Thu, Jul 28, 2011 - Page 7 News List

Mexican mathematician denied access to US airspace

The Guardian, Washington

A Mexican activist, mathematician and writer claims she has fallen foul of a US blacklist after a plane on which she was a passenger was denied access to US airspace.

Raquel Gutierrez Aguilar, a Mexican citizen, had been on her way from Mexico City to Italy via Spain for a conference last week when her flight was turned back. She believes it was because of charges against her in Bolivia two decades ago involving a revolutionary group, the Tupac Katari Guerrilla Army. She was arrested at the time, but the charges were later dropped.

Her former husband, Alvaro Garcia Linera, now vice president of Bolivia, was also arrested and the charges dropped.

The US maintains a blacklist of thousands of people not permitted either entry to the country or to be aboard a plane using its airspace. The list, created after the Sept. 11, 2001, attacks, has been criticized by US civil rights groups, who say it is too broad and those on it have no chance to challenge their inclusion.

The plane had to turn back to Mexico after 90 minutes. Gutierrez, 48, was forced to leave the flight, which then resumed its journey to Spain. Almost all flights from Mexico to Europe cross US airspace.

Gutierrez, in a telephone interview from Mexico City, said she was arrested in 1992 and accused of involvement in an uprising against the Bolivian state as part of the Tupac Katari Guerrilla Army. She was tortured and imprisoned in La Paz, and released without trial after five years. Bolivia dropped the charges in 2007.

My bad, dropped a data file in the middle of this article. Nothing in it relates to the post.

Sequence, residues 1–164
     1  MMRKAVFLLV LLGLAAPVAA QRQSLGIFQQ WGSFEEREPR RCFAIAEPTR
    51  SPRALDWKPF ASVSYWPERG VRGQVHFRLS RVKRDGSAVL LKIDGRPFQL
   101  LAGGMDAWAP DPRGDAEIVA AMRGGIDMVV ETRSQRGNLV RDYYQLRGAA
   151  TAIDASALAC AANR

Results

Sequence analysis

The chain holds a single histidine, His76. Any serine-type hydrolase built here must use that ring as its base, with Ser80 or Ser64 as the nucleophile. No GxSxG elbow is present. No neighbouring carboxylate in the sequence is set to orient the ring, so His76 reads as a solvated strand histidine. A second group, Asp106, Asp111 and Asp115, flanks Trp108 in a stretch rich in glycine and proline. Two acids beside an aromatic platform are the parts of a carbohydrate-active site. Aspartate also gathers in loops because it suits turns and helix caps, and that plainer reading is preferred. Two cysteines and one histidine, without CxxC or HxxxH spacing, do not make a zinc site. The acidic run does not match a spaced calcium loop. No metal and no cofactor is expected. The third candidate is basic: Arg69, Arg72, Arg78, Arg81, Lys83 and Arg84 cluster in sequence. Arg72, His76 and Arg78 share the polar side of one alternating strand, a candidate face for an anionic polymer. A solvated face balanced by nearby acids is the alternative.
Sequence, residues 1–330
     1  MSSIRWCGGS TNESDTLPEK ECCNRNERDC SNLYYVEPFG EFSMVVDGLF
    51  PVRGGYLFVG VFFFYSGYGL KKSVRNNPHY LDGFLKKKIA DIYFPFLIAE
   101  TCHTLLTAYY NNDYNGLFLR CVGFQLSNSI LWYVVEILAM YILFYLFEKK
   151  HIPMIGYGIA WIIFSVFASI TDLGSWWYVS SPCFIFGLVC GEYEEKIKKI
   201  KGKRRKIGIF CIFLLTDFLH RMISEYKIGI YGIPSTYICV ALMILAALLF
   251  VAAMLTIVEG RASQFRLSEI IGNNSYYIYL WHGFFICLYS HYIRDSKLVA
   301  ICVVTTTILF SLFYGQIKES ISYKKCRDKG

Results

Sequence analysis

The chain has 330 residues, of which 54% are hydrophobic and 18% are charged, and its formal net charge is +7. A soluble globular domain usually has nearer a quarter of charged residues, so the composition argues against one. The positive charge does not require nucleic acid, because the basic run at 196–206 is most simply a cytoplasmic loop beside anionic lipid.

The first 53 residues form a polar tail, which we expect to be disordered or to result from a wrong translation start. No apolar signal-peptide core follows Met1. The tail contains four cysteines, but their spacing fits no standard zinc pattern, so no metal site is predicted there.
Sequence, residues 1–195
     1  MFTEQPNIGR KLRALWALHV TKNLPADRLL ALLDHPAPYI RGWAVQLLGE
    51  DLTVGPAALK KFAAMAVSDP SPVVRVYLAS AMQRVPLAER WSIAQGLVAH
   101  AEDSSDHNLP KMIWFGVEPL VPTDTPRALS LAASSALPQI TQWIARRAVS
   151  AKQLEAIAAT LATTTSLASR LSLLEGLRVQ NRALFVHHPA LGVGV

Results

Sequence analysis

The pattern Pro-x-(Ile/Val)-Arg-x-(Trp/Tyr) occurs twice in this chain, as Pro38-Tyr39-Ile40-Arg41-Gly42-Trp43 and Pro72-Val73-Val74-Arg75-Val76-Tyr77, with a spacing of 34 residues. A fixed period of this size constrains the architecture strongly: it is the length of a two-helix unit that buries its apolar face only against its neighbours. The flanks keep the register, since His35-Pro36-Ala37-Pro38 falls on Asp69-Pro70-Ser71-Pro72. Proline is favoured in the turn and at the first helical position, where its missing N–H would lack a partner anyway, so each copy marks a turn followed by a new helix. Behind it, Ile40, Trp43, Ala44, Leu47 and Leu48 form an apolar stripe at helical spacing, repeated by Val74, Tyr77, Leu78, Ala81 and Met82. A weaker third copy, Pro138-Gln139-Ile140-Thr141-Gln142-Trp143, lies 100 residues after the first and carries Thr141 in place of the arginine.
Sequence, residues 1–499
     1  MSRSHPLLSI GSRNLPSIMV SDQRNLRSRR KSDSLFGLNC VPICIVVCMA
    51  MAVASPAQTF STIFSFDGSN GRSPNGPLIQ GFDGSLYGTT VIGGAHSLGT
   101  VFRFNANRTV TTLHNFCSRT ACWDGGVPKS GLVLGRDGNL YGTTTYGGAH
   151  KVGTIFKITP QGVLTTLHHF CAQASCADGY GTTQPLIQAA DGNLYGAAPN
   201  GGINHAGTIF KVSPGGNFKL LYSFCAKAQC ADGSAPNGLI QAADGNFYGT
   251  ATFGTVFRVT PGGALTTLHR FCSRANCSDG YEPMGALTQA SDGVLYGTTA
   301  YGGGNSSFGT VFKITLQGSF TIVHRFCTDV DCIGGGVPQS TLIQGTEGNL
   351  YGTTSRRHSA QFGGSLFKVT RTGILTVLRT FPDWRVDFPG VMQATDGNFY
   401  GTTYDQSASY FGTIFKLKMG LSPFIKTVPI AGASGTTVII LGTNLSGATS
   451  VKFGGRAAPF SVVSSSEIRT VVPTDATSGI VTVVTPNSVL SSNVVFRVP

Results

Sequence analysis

“This is an abuse of power by the US. I think I am on a blacklist. What happened confirms I am on that list,” Gutierrez said.

She said the US should not be able to arbitrarily block passengers from flying over its airspace.

She had flown over the US at least 10 times without any similar incidents, including in January last year on the way back to Mexico from London.

Citing another example of inconsistency, she said her former husband has visited the US at least twice in his capacity as vice president, even though he had been arrested and jailed on the same charges, along with about a dozen others.

A spokesman for the US Transport Security Administration, part of the Department of Homeland Security, set up after the Sept. 11 attacks to coordinate anti-terrorist actions, said: “The United States has the authority to deny access to US airspace. For security reasons, we will not discuss the details surrounding when or why access is denied.”

The US has a no-fly list containing about 8,500 names, as of last year. There is a further list, the terrorist watch list, which has about 400,000 names.

Gutierrez has written to the -airline involved, Aeromexico, asking why she was forced to leave the plane and whether the airline had shown its passenger list to the US for scrutiny. She has not received an answer.

She had been on her way to Rome for a conference to discuss Latin American social movements. She caught the Aeromexico flight in Mexico City on Wednesday last week. During the flight, the captain said he would be returning to Monterrey because US airspace had been closed off.

On arrival in Monterrey, she said she was told by police the US had refused to allow access because she was aboard. The airline told her it had an obligation to get her to Italy, but not across US airspace, and offered her an alternative route via Argentina.

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